- M. Raimondo, L. Guadagno, V. Speranza, L. Bonnaud, P. Dubois, and K. Lafdi, “Multifunctional graphene/POSS epoxy resin tailored for aircraft lightning strike protection,” Composites Part B: Engineering, vol. 140, pp. 44–56, 2018.
- Y. Li, H. Zhang, M. Crespo et al., “In situ exfoliation of graphene in epoxy resins: a facile strategy to efficient and large scale graphene nanocomposites,” ACS Applied Materials & Interfaces, vol. 8, no. 36, pp. 24112–24122, 2016.
- Y. Li, H. Zhang, H. Porwal, Z. Huang, E. Bilotti, and T. Peijs, “Mechanical, electrical and thermal properties of in-situ exfoliated graphene/epoxy nanocomposites,” Composites Part A: Applied Science and Manufacturing, vol. 95, pp. 229–236, 2017.
- Y. Li, H. Zhang, Y. Liu et al., “Synergistic effects of spray-coated hybrid carbon nanoparticles for enhanced electrical and thermal surface conductivity of CFRP laminates,” Composites Part A: Applied Science and Manufacturing, vol. 105, pp. 9–18, 2018.
- C. Ingrosso, C. Esposito Corcione, R. Striani et al., “UV-curable nanocomposite based on methacrylic-siloxane resin and surface-modified TiO2 nanocrystals,” ACS Applied Materials & Interfaces, vol. 7, no. 28, pp. 15494–15505, 2015.
- H. Cui and M. R. Kessler, “Pultruded glass fiber/bio-based polymer: Interface tailoring with silane coupling agent,” Composites Part A: Applied Science and Manufacturing, vol. 65, pp. 83–90, 2014.
- P. Christian, I. A. Jones, C. D. Rudd, R. I. Campbell, and T. J. Corden, “Monomer transfer moulding and rapid prototyping methods for fibre reinforced thermoplastics for medical applications,” Composites Part A: Applied Science and Manufacturing, vol. 32, no. 7, pp. 969–976, 2001.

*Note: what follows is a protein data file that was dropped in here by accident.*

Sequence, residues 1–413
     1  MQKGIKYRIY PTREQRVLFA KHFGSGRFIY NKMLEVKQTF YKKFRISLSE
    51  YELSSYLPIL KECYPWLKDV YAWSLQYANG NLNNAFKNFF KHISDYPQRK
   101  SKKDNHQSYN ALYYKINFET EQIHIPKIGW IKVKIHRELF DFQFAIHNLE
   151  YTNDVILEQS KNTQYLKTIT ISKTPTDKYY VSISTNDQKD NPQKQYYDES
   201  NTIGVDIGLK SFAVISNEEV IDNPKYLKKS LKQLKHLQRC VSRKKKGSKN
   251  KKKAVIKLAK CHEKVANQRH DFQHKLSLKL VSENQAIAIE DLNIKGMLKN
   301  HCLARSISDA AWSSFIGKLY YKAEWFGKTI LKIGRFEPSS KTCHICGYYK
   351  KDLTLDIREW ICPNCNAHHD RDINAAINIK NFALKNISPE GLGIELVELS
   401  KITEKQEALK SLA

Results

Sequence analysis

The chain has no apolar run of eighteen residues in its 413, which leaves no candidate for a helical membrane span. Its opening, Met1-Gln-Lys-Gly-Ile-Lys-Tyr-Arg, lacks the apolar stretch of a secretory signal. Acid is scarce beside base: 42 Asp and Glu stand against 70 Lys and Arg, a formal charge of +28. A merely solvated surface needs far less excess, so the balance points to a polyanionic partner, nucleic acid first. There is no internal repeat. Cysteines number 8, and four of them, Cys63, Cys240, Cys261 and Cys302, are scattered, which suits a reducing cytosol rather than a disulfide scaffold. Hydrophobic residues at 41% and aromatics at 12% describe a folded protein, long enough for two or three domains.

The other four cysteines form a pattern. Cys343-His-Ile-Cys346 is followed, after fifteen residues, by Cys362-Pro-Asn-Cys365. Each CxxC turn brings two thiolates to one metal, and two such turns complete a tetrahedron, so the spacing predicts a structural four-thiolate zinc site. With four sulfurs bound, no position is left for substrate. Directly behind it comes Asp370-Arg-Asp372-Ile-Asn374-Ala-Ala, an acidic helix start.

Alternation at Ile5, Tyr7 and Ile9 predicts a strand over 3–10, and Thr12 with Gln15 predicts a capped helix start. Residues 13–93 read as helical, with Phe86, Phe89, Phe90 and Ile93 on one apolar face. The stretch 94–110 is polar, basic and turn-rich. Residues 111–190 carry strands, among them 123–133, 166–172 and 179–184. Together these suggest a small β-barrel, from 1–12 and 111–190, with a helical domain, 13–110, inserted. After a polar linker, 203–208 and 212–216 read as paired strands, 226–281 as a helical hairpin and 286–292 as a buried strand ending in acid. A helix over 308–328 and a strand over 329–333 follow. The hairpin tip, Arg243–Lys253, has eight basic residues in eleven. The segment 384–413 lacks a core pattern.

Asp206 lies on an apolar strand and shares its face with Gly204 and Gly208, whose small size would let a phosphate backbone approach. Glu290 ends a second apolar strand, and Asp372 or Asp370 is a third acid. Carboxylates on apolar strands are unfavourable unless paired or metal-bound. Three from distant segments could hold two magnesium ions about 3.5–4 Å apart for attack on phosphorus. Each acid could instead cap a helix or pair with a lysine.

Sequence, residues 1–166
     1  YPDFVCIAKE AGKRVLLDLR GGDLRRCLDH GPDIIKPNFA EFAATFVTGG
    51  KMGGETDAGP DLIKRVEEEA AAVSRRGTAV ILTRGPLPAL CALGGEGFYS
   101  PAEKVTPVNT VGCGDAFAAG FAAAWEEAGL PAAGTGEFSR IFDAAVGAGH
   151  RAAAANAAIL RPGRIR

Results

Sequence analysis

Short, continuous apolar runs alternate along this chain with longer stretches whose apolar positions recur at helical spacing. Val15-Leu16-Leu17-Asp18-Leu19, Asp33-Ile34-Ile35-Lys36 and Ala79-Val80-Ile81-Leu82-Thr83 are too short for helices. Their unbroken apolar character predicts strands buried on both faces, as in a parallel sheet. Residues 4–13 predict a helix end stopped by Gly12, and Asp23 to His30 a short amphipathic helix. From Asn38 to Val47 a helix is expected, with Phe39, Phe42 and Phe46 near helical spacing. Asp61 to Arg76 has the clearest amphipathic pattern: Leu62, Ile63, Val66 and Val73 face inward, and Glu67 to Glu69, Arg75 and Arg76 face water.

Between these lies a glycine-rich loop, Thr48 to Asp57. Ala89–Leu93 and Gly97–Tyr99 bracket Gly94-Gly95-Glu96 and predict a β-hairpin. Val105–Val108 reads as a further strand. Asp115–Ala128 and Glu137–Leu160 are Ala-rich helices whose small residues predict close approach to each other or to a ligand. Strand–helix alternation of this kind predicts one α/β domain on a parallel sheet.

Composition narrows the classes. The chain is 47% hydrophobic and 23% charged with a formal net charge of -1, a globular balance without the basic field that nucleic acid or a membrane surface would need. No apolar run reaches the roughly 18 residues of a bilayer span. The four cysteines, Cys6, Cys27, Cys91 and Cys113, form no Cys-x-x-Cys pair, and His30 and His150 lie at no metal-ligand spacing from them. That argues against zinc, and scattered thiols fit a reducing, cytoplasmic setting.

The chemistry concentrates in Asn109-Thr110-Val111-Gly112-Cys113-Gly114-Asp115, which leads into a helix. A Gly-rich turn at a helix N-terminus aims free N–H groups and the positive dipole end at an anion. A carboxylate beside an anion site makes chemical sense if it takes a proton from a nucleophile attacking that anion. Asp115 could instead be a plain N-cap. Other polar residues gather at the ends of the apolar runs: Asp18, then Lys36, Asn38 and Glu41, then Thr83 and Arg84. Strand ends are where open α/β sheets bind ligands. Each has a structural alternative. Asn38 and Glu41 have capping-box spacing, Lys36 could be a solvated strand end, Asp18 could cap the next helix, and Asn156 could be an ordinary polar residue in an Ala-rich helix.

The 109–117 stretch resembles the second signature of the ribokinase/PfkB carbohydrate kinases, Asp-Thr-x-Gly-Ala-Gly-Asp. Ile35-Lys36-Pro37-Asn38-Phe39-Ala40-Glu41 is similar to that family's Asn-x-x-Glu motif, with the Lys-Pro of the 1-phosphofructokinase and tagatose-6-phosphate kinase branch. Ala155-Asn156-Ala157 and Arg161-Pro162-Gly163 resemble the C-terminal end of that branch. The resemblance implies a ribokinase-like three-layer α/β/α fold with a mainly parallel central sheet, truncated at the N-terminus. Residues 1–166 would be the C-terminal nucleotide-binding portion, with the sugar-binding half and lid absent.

- S. R. Shin, Y. C. Li, H. L. Jang et al., “Graphene-based materials for tissue engineering,” Advanced Drug Delivery Reviews, vol. 105, Part B, pp. 255–274, 2016.
- L. Zhang, F. Zhang, X. Yang et al., “Porous 3D graphene-based bulk materials with exceptional high surface area and excellent conductivity for supercapacitors,” Scientific Reports, vol. 3, no. 1, p. 1408, 2013.
- A. S. Nissimagoudar and N. S. Sankeshwar, “Electronic thermal conductivity and thermopower of armchair graphene nanoribbons,” Carbon, vol. 52, pp. 201–208, 2013.
- X.-S. Ye, Z.-G. Shao, H. Zhao, L. Yang, and C.-L. Wang, “Intrinsic carrier mobility of germanene is larger than graphene's: first-principle calculations,” RSC Advances, vol. 4, no. 41, pp. 21216–21220, 2014.
- F. Conrado and M. Pavese, “A continuous 3d-graphene network to overcome threshold issues and contact resistance in thermally conductive graphene nanocomposites,” Journal of Nanomaterials, vol. 2017, Article ID 8974174, 11 pages, 2017.
- M. Y. Shen, T. Y. Chang, T. H. Hsieh et al., “Mechanical properties and tensile fatigue of graphene nanoplatelets reinforced polymer nanocomposites,” Journal of Nanomaterials, vol. 2013, Article ID 565401, 9 pages, 2013.
- J. Wei, R. Atif, T. Vo, and F. Inam, “Graphene nanoplatelets in epoxy system: dispersion, reaggregation, and mechanical properties of nanocomposites,” Journal of Nanomaterials, vol. 2015, Article ID 561742, 12 pages, 2015.
- J. Song, J. Zhang, and C. Lin, “Influence of graphene oxide on the tribological and electrical properties of PMMA composites,” Journal of Nanomaterials, vol. 2013, Article ID 846102, 5 pages, 2013.
- S. Zhao, F. Chen, C. Zhao, Y. Huang, J. Y. Dong, and C. C. Han, “Interpenetrating network formation in isotactic polypropylene/graphene composites,” Polymer, vol. 54, no. 14, pp. 3680–3690, 2013.